Formula for an ARIMA(1,1,1) solving for y

I have an Arima(1,1,1) model with predictors var1+var2+var3, but am struggling with how to write the equation. The problem is that on all of the sources I see a variation of the following is given.

$$\left( 1 - \sum_{i=1}^p \phi_i L^i\right) (1-L)^d y_t = \delta + \left( 1 + \sum_{i=1}^q \theta_i L^i \right) \varepsilon_t .$$

Is there a way to write the equation solving for $y_t$? I find that the above equation is difficult to understand. Though I have the model saved in R the users of the forecast want the coefficients so they can plug them into excel and I don't have a good way to explain the formula solving for $y_t$

• What do you mean by "predictors var1+var2+var3"? Do you have an ARIMAX model, or a regression with ARIMA errors? Or do you have simply a straightforward ARIMA(1,1,1) model? This earlier thread may be helpful, although it does not specifically contain an ARIMA(1,1,1) model: Interpret ARIMA models in plain english – Stephan Kolassa Dec 13 '17 at 17:05
• Let me give a slightly different example with some output from R. Lets say I have an ARIMA(5,1,0). With the following output: ar1=-.1,ar2=-.2,ar3=.01,ar4=.02,ar5=.03, var1=.5,var2=.3,var3=.6. How do I write that as an equation? – Alex Dec 13 '17 at 17:45
• What do you mean by "predictors var1+var2+var3"? – Stephan Kolassa Dec 13 '17 at 18:05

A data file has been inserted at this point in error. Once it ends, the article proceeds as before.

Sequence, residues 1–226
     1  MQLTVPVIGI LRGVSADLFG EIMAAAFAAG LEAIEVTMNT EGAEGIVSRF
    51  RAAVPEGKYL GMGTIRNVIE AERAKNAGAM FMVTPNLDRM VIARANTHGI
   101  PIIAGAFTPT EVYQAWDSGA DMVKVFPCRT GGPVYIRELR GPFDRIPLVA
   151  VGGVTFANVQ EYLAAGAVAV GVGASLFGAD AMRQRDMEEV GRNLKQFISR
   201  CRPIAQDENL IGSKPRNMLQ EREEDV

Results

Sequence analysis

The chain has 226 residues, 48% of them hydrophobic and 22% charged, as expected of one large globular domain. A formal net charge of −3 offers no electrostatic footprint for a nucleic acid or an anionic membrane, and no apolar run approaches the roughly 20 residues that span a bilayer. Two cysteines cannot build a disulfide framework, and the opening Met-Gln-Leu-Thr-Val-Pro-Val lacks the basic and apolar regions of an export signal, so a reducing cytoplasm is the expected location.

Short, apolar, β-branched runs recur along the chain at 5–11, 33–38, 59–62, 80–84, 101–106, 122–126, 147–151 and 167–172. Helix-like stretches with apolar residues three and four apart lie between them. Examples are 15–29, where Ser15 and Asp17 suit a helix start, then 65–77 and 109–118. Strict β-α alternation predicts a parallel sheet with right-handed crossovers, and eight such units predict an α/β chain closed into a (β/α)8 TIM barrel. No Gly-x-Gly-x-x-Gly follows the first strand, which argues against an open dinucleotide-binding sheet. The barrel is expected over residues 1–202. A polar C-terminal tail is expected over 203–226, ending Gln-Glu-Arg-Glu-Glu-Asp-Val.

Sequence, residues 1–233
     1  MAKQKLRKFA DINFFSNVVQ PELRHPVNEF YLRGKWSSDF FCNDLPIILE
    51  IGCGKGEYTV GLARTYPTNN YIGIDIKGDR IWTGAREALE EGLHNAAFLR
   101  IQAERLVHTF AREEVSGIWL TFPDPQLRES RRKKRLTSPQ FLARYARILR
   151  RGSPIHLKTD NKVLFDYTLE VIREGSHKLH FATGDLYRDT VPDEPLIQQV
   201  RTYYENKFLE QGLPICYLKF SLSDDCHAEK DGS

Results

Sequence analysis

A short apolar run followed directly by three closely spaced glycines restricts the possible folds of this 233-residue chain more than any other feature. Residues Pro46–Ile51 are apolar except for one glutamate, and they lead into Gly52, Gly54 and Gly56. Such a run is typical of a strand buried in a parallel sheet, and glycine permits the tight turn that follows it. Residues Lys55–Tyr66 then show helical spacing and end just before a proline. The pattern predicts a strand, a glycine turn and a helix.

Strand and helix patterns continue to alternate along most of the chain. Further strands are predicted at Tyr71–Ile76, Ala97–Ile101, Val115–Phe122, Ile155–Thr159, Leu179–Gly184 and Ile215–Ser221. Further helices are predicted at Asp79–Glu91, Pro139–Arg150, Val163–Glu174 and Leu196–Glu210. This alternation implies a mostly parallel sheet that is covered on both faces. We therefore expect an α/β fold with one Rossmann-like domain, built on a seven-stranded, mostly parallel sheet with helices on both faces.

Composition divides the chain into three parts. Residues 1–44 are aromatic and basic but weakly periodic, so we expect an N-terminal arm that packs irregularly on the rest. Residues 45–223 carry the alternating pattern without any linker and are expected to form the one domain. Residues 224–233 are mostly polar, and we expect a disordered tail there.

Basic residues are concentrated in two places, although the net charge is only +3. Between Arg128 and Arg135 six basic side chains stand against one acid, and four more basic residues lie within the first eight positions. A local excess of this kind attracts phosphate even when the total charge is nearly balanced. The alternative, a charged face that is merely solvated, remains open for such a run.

• Thanks for you patience, var1+var2+var3 would be coded as Arima(log(train[,"sales"]), xreg=cbind(var1,var2,var3),order = c(5,1,0)). Hyndman calls this "Dynamic Regression". – Alex Dec 13 '17 at 19:57
• Thank you, that clarifies matters. This is a case of regression with ARIMA errors, see Hyndman's blog post "The ARIMAX model muddle". I'll try to post an answer tomorrow and retract my close vote for now. Everybody: please leave open, thanks. – Stephan Kolassa Dec 13 '17 at 21:09

Arima() fits a so-called regression with ARIMA errors. Note that this is different from an ARIMAX model. In your particular case, you regress your focal variable on three predictors, with an ARIMA(1,1,1) structure on the residuals:

$$y_t = \beta_1x_{1t}+\beta_2x_{2t}+\beta_3x_{3t}+\epsilon_t$$

with $\epsilon_t\sim\text{ARIMA}(1,1,1)$.

To write down the formulas for $\epsilon_t$, we use the backshift operator. For ARIMA background, see here. A general ARIMA(1,1,1) model with AR parameter $\phi$ and MA parameter $\theta$ has the following form (note that some packages flip the sign of $\theta$, and that one sometimes fits a nonzero intercept $c$):

$$(1-\phi B)(1-B)\epsilon_t = (1+\theta B)\eta_t,$$

where $\eta_t\sim N(0,\sigma^2)$ are IID innovations. Some calculations show that

\begin{align*} & \epsilon_t-\phi\epsilon_{t-1}-\epsilon_{t-1}+\phi\epsilon_{t-2} \\ = & (1-\phi B)(\epsilon_t-\epsilon_{t-1}) \\ = & (1-\phi B)(1-B)\epsilon_t \\ = & (1+\theta B)\eta_t \\ = & \eta_t+\theta\eta_{t-1}, \end{align*}

or

$$\epsilon_t = (1+\phi)\epsilon_{t-1}-\phi\epsilon_{t-2}+\eta_t+\theta\eta_{t-1}.$$

• So in the end, this is the formula? $$y_t = \beta_1x_{1t}+\beta_2x_{2t}+\beta_3x_{3t}+ (1+\phi)\epsilon_{t-1}-\phi\epsilon_{t-2}+\eta_t+\theta\eta_{t-1}.$$ – Alex Dec 14 '17 at 14:34
• You can write it that way. I just don't like the way $\epsilon_t$ does not show up, but $\epsilon_{t-1}$ and $\epsilon_{t-2}$ do, which is why I stuck with writing down the regression and the ARIMA residual part separately. – Stephan Kolassa Dec 14 '17 at 14:41